Rex Fowler calls John Lennon “a genius.” “Imagine,” for example, is “one of the simplest, most straightforward protest songs ever.”
But not all Lennon’s social commentary songs measures up. “Power to the People,” for example, is “one of the worst.”
Fowler should know. Since founding the folk-rock band Aztec Two-Step nearly 40 years ago, he’s written his share of political tunes. “Living in America” and “Naked” are 2 examples.
It’s not easy, though. Fowler — a Westport resident — notes, “there’s a temptation to preach, or use platitudes.”
Fowler and his wife Dodie Pettit — now part of Aztec Two-Step — avoided those pitfalls with their latest release.
“Breathe” was born out of this summer’s peaceful, passionate protests after the murder of George Floyd, and other unarmed Black men and women.
“I was proud of so many people — young and old, every color and creed — getting out and doing something. It really gave me hope,” Fowler says.
But he knew better than to try to force a song. A good creation must be “visceral, soulful,” he says. “Once it starts, it rolls out. But I can’t manufacture it.”
For a couple of weeks, Fowler fiddled with a guitar melody. He particularly liked Neil Young’s “Down by the River.” Pettit thought her partner was on to something.
“It’s such an iconic song,” Fowler explains. “‘Be on my side, I’ll be on your side … You take my hand, I’ll take your hand…'”
Fowler and Pettit included 2 of Young’s verses, then added their own.
They also drew on Martin Luther King, Sam Cooke’s soaring anthem “A Change is Gonna Come,” rapper Killer Mike’s rallying cry to vote, and a few notable slogans chanted by the hundreds of thousands of peaceful protestors.
The result was “Breathe.”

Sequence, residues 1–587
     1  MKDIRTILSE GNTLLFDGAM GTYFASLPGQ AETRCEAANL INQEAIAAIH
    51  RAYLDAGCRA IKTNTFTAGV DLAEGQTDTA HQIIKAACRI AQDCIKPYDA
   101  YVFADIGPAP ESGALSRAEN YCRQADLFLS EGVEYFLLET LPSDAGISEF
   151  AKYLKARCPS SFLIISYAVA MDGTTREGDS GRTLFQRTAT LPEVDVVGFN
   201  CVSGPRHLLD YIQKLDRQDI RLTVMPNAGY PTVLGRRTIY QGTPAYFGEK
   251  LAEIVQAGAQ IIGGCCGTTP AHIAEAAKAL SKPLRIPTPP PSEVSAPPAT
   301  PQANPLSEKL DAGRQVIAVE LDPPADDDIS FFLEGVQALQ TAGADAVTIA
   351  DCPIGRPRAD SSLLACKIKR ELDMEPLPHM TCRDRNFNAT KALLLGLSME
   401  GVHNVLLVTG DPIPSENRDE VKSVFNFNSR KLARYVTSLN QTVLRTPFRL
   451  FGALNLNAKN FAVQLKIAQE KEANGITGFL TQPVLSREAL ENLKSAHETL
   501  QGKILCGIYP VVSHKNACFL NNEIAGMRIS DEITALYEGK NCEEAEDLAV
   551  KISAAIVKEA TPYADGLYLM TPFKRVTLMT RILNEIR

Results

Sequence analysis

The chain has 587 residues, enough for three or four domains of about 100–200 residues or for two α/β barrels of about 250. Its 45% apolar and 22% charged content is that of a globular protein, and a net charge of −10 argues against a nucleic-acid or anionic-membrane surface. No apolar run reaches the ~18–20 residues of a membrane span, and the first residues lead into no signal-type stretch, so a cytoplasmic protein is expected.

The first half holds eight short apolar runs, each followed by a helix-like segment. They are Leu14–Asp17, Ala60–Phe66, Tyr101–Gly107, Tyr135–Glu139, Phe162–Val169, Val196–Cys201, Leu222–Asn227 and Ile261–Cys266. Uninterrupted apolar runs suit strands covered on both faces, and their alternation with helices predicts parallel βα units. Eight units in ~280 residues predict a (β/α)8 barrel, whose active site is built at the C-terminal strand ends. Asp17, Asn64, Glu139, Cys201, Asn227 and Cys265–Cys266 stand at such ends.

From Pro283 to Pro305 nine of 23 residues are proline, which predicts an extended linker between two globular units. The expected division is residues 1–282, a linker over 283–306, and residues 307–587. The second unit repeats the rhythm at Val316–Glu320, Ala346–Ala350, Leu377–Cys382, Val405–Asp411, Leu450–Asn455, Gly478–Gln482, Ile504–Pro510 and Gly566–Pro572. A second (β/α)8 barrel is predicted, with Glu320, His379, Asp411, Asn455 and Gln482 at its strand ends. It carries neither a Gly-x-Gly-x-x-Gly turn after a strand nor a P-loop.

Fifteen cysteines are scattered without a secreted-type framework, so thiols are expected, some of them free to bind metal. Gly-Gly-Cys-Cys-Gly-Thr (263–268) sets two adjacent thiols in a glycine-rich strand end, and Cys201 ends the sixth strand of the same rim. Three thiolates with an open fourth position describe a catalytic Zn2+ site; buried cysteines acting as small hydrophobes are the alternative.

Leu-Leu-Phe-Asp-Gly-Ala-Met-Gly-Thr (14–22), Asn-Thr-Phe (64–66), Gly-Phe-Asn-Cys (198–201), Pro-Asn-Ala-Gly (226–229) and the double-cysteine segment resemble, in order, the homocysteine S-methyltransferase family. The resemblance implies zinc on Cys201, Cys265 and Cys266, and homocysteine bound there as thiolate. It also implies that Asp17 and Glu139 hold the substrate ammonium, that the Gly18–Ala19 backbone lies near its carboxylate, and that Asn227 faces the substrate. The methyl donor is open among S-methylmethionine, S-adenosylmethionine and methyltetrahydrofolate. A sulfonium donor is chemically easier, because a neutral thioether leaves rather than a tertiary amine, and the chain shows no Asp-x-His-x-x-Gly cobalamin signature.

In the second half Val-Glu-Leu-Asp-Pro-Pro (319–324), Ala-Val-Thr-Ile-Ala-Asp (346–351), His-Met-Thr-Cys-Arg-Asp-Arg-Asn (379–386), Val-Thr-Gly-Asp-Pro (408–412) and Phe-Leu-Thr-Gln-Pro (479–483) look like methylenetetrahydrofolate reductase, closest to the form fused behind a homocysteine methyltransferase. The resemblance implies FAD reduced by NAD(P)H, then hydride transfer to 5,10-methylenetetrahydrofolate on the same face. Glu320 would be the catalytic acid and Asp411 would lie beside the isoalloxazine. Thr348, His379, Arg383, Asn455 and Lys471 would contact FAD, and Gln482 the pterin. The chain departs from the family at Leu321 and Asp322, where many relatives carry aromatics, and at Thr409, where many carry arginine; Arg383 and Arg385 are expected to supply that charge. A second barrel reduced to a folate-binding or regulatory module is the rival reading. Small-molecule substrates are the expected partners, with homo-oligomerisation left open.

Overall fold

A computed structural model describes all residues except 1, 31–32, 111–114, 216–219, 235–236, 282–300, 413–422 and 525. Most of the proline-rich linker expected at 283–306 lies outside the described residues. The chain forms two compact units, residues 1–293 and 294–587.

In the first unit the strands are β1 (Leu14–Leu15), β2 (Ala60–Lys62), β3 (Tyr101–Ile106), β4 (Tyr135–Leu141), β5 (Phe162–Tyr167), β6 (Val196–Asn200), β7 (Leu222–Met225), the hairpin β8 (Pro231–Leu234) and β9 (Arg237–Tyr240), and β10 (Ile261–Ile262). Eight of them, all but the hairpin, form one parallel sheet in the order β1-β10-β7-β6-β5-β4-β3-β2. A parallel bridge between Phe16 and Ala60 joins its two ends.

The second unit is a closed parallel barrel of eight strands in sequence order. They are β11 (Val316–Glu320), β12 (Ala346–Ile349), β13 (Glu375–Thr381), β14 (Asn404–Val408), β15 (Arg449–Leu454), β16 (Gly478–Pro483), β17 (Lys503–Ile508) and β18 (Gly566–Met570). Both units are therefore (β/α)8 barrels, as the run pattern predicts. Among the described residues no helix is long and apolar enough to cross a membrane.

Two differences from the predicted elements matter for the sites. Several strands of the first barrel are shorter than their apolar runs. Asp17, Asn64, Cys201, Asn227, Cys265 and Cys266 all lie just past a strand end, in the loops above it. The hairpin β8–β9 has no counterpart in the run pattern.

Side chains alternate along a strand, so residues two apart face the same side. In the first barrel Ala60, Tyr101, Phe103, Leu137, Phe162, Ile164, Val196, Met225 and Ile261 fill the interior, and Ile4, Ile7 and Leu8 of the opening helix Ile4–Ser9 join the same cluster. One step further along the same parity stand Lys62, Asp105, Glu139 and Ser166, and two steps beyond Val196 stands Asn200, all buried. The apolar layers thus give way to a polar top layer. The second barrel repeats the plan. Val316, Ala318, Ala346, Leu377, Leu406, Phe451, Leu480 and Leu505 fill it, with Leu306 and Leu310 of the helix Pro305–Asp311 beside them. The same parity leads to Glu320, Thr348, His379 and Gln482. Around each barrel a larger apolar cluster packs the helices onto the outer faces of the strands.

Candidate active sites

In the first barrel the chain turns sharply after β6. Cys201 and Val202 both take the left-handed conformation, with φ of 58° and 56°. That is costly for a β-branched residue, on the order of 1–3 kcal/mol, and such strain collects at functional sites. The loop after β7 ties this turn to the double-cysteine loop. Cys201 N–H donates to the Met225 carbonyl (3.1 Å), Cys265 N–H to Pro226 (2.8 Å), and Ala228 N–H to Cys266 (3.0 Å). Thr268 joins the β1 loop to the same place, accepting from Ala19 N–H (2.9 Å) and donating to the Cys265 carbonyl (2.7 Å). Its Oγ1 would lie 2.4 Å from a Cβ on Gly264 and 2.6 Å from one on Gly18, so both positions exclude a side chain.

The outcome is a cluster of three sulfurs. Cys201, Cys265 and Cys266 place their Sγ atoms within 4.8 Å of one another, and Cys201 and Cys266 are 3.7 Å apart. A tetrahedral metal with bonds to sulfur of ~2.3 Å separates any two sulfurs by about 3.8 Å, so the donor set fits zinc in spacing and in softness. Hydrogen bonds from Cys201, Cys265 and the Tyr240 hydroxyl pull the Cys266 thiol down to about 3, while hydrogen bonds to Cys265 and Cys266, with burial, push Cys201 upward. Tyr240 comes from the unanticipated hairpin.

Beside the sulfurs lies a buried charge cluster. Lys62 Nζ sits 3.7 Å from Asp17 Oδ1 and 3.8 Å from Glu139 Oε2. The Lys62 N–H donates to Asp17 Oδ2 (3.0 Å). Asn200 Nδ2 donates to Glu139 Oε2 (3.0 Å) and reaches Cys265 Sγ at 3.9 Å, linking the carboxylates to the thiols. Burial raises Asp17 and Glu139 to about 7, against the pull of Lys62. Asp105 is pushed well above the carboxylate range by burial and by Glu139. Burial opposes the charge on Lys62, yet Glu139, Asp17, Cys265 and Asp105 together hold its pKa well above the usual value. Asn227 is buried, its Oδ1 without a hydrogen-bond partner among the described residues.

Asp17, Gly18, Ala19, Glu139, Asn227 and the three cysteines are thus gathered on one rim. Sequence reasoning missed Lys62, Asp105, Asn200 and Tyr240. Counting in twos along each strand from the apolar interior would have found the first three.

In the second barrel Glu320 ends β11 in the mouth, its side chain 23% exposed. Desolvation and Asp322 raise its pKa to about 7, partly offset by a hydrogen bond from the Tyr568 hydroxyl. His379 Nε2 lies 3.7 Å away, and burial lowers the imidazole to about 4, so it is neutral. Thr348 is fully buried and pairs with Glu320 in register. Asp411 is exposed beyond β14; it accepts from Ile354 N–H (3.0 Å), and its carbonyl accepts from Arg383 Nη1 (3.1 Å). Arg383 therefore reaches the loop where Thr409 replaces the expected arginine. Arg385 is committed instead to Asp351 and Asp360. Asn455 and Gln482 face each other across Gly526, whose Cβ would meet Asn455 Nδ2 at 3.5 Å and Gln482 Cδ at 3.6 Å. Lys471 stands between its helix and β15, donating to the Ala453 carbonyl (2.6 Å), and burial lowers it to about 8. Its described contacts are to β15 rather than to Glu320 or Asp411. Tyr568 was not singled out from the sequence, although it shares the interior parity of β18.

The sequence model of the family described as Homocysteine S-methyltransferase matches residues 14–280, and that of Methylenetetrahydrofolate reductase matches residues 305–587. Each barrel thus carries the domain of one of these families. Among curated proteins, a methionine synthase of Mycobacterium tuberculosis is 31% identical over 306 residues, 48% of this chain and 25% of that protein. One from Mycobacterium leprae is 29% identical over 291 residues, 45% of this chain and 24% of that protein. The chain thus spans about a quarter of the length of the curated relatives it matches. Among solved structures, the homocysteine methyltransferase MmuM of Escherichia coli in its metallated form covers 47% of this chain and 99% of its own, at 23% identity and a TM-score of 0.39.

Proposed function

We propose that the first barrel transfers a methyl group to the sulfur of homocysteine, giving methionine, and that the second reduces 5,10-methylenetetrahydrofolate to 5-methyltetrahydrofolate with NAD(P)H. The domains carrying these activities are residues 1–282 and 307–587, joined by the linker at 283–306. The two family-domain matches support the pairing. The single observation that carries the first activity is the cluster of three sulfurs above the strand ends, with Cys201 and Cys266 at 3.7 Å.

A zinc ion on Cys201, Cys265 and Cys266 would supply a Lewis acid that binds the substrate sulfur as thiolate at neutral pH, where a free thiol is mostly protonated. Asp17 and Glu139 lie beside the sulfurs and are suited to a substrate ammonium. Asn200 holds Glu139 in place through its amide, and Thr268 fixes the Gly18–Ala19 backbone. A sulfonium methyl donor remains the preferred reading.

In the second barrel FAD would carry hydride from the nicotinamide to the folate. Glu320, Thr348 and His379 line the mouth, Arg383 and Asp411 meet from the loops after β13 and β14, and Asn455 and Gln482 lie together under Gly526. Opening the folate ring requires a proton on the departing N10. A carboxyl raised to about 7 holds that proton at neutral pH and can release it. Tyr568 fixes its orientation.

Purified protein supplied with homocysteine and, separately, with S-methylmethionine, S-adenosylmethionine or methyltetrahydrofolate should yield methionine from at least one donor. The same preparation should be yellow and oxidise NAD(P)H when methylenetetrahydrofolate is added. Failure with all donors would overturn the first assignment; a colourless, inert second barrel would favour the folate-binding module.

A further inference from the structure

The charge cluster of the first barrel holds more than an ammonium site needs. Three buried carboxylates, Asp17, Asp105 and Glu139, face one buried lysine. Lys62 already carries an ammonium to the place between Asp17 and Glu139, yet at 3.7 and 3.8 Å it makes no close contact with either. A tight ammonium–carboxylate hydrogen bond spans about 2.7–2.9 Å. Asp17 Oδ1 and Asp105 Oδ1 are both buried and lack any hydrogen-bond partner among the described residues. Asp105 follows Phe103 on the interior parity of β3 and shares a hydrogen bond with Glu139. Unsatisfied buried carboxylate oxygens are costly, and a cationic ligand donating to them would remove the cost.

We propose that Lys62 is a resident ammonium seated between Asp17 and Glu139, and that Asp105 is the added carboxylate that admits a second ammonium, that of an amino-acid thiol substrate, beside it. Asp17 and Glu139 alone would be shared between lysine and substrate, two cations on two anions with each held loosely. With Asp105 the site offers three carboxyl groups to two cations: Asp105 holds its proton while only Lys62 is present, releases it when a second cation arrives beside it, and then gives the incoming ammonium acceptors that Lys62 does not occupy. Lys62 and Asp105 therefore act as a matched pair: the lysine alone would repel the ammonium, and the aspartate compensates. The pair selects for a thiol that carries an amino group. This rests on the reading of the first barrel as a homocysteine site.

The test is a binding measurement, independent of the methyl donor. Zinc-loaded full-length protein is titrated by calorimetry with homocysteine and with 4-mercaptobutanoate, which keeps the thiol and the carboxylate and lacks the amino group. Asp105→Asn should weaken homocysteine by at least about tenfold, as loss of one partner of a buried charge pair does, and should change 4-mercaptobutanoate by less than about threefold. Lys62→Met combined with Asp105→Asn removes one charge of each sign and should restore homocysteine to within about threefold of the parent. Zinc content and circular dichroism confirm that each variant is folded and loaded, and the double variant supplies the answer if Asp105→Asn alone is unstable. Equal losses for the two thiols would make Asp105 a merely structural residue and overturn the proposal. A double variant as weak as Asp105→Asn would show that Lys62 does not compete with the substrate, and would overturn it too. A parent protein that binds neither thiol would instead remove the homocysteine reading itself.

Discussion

Aztec Two-Step could not use Neil Young’s lyrics without permission. They tried hard to get it. They hired a lawyer, and sent letters to his publicist and manager. They received a cease-and-desist order. Fowler and Pettit are sure the singer/songwriter never knew what they were asking.
“He rightfully doesn’t want people taking his music, and changing it,” Fowler says. “But I think if he heard ‘Breathe,’ he’d really enjoy it.”
In fact, Fowler adds, in January Young — a Canadian by birth — became an American citizen. He did it in part to be able to vote against President Trump.
Undaunted, Fowler and Pettit removed the “Down by the River” verses. They changed Young’s melodic ideas.
But the beginning — Pettit’s gritty lead guitar solo — sounds like a tribute to Young’s style. “He really resonates with us,” Pettit says.
The song was recorded here in Westport, in Aztec Two-Step’s home studio. Band members came in one at a time — because of COVID-19 — to overdub their parts.
At first, Fowler wanted to send “Breathe” out to disc jockeys and program managers complete with the back story. Instead, he and Pettit decided to let listeners hear it with “clear ears,” and figure the meaning out themselves.
All proceeds will go to Black Lives Matter. That’s controversial, the couple acknowledges. There’s been pushback on social media from some people they thought were friends.
Still, Pettit says, “this is a moral cause we’re proud to lend our support to. We’re setting down our marker. We’re standing up and bein counted. We have a voice, and people listen.”